The last thing the government wants is empowered poor people walking around with a wad of cash in their pockets supporting local economies. Maybe then, we wouldn’t need the government as much. Frightening! “Go to Wal-Mart, peasants, get a job there while you’re at it. Try anything else and go straight to jail.” This the message we are being sent.
The government, with its policies like the drug war, effectively act as a monopolizing agent for Big Pharma. Any corporatized business that knows what they are doing, uses the government to squash competition. The “illegal” drug trade is no small fish,
With estimates of $100 billion to $110 billion for heroin, $110 billion to $130 billion for cocaine, $75 billion for cannabis and $60 billion for synthetic drugs, the probable global figure for the total illicit drug industry would be approximately $360 billion. Given the conservative bias in some of the estimates for individual substances, a turnover of around $400 billion per annum is considered realistic.
As you will find out below, there are many culprits who pour a lot money every year into the government to lock you up for selling weed. Who pays to keep cannabis illegal? Well, it’s the groups that make the most money from imprisoning massive amounts of people. Here are the real criminals, compiled by Republic Report,
Pharmaceutical Corporations: Pharmaceutical interests would like to keep marijuana illegal so American don’t have the option of cheap medical alternatives to their products. Howard Wooldridge, a retired police officer who now lobbies the government to relax marijuana prohibition laws, told Republic Report that next to police unions, the “second biggest opponent on Capitol Hill is big Pharma” because marijuana can replace “everything from Advil to Vicodin and other expensive pills.”
Private Prisons Corporations: Private prison corporations make millions by incarcerating people who have been imprisoned for drug crimes, including marijuana. As Republic Report’s Matt Stoller noted last year, Corrections Corporation of America, one of the largest for-profit prison companies, revealed in a regulatory filing that continuing the drug war is part in parcel to their business strategy. Prison companies have spent millions bankrolling pro-drug war politicians and have used secretive front groups, like the American Legislative Exchange Council, to pass harsh sentencing requirements for drug crimes.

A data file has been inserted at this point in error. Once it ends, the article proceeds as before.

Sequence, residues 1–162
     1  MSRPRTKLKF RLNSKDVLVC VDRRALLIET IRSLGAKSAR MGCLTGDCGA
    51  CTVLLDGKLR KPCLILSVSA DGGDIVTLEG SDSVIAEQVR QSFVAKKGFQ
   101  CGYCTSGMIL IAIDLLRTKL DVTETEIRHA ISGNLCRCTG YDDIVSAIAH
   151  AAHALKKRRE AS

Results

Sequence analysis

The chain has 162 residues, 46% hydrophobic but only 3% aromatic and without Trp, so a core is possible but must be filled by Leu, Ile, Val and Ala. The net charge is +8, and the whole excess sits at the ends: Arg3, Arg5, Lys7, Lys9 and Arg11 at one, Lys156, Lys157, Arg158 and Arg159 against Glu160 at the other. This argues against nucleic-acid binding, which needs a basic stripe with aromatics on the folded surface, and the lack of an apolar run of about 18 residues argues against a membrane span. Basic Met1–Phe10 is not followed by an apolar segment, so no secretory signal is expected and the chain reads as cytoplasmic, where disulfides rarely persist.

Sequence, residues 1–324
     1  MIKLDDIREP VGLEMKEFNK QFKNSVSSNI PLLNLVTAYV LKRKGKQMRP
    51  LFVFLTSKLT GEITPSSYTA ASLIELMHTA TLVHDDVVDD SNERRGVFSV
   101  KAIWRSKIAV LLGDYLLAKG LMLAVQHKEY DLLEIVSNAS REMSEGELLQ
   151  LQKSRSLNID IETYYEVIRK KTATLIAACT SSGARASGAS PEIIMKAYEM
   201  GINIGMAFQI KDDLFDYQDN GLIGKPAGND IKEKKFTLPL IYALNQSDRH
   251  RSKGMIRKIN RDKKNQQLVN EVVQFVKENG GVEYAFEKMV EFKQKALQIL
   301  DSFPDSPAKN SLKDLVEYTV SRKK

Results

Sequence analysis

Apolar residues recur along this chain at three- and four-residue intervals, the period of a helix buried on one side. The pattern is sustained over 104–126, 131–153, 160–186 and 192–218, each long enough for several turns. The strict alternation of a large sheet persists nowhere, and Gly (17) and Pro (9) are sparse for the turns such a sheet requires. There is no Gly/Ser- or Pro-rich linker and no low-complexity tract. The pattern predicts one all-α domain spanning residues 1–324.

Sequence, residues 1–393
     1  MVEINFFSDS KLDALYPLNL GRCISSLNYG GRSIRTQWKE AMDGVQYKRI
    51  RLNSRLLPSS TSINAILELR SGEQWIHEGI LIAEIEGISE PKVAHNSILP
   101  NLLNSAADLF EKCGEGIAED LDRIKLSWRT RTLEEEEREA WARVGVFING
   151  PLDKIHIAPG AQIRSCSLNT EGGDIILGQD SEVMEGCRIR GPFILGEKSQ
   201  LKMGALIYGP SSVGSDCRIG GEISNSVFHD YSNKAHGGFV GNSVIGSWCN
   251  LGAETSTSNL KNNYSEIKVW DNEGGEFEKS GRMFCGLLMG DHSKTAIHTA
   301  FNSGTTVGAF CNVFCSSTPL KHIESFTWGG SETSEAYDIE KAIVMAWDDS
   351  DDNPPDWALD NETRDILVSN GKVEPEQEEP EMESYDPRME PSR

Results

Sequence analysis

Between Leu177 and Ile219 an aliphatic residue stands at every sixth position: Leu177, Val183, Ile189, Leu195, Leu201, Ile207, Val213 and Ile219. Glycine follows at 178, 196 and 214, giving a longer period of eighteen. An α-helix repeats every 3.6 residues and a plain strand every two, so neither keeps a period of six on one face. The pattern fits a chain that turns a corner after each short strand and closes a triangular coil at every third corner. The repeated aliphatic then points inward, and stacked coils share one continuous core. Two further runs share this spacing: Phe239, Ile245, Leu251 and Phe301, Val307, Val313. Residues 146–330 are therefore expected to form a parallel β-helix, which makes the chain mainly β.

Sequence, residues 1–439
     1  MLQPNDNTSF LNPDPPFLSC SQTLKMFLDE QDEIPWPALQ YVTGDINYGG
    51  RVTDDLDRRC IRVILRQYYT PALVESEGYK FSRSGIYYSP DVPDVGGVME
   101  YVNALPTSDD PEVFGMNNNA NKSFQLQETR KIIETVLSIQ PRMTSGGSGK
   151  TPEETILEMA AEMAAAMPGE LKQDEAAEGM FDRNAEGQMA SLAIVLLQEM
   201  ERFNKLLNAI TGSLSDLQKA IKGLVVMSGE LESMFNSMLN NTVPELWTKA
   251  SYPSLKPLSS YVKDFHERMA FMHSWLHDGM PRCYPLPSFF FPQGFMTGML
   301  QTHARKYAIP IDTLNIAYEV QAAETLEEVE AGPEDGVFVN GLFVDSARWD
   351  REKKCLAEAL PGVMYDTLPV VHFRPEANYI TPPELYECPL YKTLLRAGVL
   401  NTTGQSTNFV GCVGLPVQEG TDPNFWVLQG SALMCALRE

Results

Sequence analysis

Alcohol and Beer Companies: Fearing competition for the dollars Americans spend on leisure, alcohol and tobacco interests have lobbied to keep marijuana out of reach. For instance, the California Beer & Beverage Distributors contributed campaign contributions to a committee set up to prevent marijuana from being legalized and taxed.
Police Unions: Police departments across the country have become dependent on federal drug war grants to finance their budget. In March, we published a story revealing that a police union lobbyist in California coordinated the effort to defeat Prop 19, a ballot measure in 2010 to legalize marijuana, while helping his police department clients collect tens of millions in federal marijuana-eradication grants. And it’s not just in California. Federal lobbying disclosures show that other police union lobbyists have pushed for stiffer penalties for marijuana-related crimes nationwide.
Prison Guard Unions: Prison guard unions have a vested interest in keeping people behind bars just like for-profit prison companies. In 2008, the California Correctional Peace Officers Association spent a whopping $1 million to defeat a measure that would have “reduced sentences and parole times for nonviolent drug offenders while emphasizing drug treatment over prison.”
So you see, making drugs illegal has nothing to do with morality or doing what is right — not even for health reasons. It’s about keeping the urban youth down and sustaining the real criminals’ economy. The spots these victim-less youth hold behind bars should be instead assigned to those responsible for criminalizing their attempt to survive. If these young entrepreneurs have the ability to run unconventional businesses, why would ending this war on drugs not be beneficial in the efforts to end poverty?